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Netflix Streams Its Way To Cuba — Slowly

ARUN RATH, HOST:

As U.S.-Cuba relations warm up, a lot of American companies are lining up to cash in on a big new market. One of them, Netflix, announced it's now available on the island. But there are some problems with their business plan. As NPR's Carrie Kahn points out, internet connectivity in Cuba is really slow, not widely available and very expensive.

CARRIE KAHN, BYLINE: We're talking really expensive - about five U.S. dollars for an hour of use, and that's if you can get it. Only about 5 percent of Cubans have full internet access. You have to be a party official or a foreigner to have it at home. That's why Sonya Kelly, who has studied internet connectivity around the world for Freedom House, a civil rights advocacy group, says the Netflix announcement is purely symbolic. Not many people will be able to stream "Orange Is The New Black," or the service's other exclusive series, "House Of Cards." Cubans can barely download a short YouTube video, says Kelly.

SONYA KELLY: For an average Cuban, internet service is almost at the level of a dial-up, if you even remember how slow that was.

KAHN: And then there's the problem with payment. The service's price of $7.99 is nearly half a monthly Cuban salary, and you have to pay with a credit or debit card, which is not widely available on the island. Netflix declined requests for an interview, but in a statement, its chief executive said the company is delighted to finally offer its services to the people of Cuba. While Netflix waits for internet service to improve on the island, Cubans aren't. Many are already avid "House Of Cards" fans.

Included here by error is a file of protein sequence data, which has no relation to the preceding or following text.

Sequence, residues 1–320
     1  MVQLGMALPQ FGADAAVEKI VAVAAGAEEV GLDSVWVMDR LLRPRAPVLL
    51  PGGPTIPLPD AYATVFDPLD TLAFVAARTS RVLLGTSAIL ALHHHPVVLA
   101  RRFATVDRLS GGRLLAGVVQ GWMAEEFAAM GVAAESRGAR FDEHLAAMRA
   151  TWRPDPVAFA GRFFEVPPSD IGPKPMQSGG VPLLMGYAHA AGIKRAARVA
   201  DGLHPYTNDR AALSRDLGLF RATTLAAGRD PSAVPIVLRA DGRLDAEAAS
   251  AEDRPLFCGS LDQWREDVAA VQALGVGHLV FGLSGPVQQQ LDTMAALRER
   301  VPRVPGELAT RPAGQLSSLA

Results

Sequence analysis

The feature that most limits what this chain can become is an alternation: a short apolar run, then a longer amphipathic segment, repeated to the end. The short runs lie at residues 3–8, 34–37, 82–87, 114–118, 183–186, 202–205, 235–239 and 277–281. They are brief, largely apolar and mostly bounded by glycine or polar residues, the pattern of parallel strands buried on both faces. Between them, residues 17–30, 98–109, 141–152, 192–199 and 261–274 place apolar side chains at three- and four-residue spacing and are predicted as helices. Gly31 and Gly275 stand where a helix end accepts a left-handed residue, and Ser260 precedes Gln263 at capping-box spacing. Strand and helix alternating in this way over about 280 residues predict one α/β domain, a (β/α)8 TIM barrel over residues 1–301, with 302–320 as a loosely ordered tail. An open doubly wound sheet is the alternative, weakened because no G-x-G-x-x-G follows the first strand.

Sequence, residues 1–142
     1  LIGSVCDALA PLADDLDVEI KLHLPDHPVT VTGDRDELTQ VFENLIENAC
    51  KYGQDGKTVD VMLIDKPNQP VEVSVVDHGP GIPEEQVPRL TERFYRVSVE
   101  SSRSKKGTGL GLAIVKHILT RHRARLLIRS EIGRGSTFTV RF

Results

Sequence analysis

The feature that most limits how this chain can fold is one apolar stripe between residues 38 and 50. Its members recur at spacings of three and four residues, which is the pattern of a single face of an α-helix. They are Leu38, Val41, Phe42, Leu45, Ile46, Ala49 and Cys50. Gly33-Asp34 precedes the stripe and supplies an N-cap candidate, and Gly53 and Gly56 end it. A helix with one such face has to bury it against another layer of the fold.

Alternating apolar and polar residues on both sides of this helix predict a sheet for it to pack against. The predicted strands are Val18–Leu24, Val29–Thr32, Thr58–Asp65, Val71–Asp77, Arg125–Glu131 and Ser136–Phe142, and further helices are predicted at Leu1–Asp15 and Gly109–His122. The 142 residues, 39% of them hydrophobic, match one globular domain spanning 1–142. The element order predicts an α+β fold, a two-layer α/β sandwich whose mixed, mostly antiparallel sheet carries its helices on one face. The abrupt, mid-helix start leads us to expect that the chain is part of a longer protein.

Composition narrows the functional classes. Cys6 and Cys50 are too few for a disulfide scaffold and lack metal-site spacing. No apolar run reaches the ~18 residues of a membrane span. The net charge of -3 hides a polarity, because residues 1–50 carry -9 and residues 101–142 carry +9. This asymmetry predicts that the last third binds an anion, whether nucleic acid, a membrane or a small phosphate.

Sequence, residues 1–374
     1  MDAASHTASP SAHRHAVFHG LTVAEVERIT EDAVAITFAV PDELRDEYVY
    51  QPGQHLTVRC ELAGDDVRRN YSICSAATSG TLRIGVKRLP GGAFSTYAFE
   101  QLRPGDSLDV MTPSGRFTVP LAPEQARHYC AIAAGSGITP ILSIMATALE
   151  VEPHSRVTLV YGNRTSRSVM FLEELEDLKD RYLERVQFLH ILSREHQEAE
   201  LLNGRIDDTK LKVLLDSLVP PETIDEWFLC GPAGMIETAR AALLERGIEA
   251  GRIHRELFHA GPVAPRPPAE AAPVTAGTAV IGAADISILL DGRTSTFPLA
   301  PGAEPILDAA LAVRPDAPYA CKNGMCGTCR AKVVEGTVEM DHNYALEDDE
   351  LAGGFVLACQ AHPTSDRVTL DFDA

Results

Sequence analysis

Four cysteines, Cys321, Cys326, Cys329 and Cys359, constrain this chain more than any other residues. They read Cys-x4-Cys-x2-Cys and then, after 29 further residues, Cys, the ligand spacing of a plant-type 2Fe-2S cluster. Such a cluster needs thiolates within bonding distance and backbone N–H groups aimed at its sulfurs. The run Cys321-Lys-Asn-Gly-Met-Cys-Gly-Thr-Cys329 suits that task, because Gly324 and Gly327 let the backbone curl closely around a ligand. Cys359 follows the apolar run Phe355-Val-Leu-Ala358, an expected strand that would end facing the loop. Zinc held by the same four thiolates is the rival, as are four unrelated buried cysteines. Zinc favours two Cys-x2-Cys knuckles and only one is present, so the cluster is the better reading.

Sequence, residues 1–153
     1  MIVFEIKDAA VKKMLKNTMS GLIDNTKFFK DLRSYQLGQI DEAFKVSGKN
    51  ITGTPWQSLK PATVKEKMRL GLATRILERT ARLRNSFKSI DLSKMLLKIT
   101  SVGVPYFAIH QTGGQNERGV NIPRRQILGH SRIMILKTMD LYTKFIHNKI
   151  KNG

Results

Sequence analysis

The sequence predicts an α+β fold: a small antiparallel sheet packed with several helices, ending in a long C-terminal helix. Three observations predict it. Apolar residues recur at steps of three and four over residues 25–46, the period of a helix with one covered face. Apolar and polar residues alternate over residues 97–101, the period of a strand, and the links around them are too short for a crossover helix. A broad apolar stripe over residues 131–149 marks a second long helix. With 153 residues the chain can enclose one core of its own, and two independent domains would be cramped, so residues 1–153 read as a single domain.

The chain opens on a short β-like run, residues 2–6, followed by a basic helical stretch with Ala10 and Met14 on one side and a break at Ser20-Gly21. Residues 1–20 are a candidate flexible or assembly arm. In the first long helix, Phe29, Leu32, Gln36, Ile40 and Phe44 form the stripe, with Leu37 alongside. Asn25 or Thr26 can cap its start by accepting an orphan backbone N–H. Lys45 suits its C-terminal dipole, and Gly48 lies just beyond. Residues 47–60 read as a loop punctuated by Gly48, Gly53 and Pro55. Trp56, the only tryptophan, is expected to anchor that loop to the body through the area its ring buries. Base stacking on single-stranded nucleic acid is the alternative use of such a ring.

ALLEJO: (Speaking Spanish).

KAHN: On a recent reporting trip to Cuba I met Allejo (ph). That's his nickname. He wouldn't give me his real name because what he does is illegal. He says through him, you can get anything currently on U.S. TV. He's one of several hundred distributors who sell a weekly package of TV, cable, pay TV and yes, even Netflix offering downloaded onto hard drives and memory sticks. Allejo says he's helping his fellow Cubans not miss out totally on the digital revolution. Carrie Kahn, NPR News. Transcript provided by NPR, Copyright NPR.

Carrie Kahn is NPR's International Correspondent based in Mexico City, Mexico. She covers Mexico, the Caribbean, and Central America. Kahn's reports can be heard on NPR's award-winning news programs including All Things Considered, Morning Edition and Weekend Edition, and on NPR.org.

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